WASHINGTON -- State and local law enforcement officials convened at the White House Wednesday for a daylong discussion about how police can maintain the trust of their communities while identifying and preventing violent extremism and homegrown terrorism.
The Obama administration considers such efforts critical to national security.
Violent extremism has erupted across the United States in the past few years, motivated by ideologies, whether a violent interpretation of Islam or white supremacist beliefs.
Police have been finding themselves struggling to identify ideologues who plan to commit violence among the many others who hold similar beliefs but have no intention of hurting anyone.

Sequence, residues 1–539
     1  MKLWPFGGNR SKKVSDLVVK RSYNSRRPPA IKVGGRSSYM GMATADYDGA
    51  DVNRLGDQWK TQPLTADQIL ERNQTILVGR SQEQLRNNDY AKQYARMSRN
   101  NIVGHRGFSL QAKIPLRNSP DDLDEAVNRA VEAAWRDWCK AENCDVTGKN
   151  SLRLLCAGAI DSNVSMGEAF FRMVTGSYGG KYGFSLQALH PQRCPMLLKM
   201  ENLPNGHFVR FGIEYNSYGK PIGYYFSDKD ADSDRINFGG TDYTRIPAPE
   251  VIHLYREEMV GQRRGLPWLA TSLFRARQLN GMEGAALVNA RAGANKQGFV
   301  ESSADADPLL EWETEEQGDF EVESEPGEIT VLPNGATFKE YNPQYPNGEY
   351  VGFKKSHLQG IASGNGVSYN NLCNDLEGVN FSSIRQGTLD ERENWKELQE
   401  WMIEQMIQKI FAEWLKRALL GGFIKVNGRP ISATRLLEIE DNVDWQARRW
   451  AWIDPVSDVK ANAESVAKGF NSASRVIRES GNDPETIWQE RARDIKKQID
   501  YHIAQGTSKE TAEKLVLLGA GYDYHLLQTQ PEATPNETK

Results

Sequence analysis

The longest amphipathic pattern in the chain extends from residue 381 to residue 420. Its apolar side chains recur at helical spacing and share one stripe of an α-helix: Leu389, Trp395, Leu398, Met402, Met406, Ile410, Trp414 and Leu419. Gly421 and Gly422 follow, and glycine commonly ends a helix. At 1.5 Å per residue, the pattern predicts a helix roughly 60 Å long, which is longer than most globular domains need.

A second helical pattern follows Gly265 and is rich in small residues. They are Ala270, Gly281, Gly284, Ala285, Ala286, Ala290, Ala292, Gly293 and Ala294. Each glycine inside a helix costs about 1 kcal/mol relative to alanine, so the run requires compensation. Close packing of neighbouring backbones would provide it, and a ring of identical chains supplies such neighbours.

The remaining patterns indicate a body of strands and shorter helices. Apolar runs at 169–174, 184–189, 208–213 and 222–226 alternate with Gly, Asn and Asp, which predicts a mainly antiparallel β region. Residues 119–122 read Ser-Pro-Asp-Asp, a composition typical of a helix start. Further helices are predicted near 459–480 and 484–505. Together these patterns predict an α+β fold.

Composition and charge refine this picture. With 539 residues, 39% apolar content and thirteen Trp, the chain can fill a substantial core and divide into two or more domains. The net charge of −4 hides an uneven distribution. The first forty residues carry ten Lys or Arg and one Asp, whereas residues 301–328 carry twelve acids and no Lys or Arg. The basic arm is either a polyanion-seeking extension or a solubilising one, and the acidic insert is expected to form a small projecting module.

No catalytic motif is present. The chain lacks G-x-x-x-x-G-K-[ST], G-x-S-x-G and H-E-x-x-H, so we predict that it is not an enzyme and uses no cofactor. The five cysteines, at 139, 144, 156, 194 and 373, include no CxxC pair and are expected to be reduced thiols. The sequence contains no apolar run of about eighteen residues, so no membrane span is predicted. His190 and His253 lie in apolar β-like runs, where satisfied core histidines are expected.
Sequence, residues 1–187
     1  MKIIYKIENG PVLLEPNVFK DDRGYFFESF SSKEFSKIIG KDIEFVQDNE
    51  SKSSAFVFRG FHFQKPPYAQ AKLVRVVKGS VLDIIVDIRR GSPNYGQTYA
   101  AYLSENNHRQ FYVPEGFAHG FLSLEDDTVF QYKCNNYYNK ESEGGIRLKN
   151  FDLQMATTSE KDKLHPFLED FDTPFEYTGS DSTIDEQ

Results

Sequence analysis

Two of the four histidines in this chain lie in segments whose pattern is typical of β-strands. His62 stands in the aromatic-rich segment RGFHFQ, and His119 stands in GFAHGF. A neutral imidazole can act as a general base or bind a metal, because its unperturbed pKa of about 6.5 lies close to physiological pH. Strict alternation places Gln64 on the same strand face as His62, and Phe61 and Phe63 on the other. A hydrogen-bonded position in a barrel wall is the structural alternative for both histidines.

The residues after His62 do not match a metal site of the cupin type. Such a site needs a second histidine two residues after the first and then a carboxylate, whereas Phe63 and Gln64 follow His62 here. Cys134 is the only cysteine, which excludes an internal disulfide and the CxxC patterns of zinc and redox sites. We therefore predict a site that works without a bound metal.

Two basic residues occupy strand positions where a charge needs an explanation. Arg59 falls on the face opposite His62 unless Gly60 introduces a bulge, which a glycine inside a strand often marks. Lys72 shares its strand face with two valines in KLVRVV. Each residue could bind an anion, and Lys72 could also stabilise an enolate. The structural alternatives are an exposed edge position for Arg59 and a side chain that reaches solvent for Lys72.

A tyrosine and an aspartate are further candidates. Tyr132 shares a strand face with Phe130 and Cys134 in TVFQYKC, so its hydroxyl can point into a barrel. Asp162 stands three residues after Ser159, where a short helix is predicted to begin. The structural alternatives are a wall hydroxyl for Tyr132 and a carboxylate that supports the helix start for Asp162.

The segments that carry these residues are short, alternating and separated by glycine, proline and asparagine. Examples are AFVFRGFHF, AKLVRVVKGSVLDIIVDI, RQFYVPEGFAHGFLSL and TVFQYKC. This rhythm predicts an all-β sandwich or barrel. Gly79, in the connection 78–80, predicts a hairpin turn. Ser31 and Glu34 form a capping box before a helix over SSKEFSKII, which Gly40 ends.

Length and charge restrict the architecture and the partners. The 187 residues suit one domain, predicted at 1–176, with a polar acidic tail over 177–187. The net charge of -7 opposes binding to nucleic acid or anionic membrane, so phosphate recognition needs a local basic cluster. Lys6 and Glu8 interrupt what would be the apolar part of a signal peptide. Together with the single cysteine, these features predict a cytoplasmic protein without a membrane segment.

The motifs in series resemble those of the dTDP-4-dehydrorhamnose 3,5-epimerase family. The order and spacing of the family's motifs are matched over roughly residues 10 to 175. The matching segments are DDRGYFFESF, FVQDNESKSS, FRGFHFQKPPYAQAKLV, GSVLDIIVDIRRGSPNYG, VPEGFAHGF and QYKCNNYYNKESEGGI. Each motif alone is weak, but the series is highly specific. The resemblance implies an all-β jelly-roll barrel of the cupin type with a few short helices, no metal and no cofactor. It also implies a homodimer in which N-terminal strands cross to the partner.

While the White House conference did not broach the issues between the NYPD and New York's Muslim community, the consistent message was that police cannot violate public trust, said Massachusetts Police Commissioner Robert Haas.
Haas was among 46 senior federal, state and local law enforcement officials who took part in the event that was closed to the public.
Communities that have solid relationships with the police feel empowered to come forward with tips about suspicious activity, he said. "We don't want to be seen as taking a step back and violating that trust that we have with folks."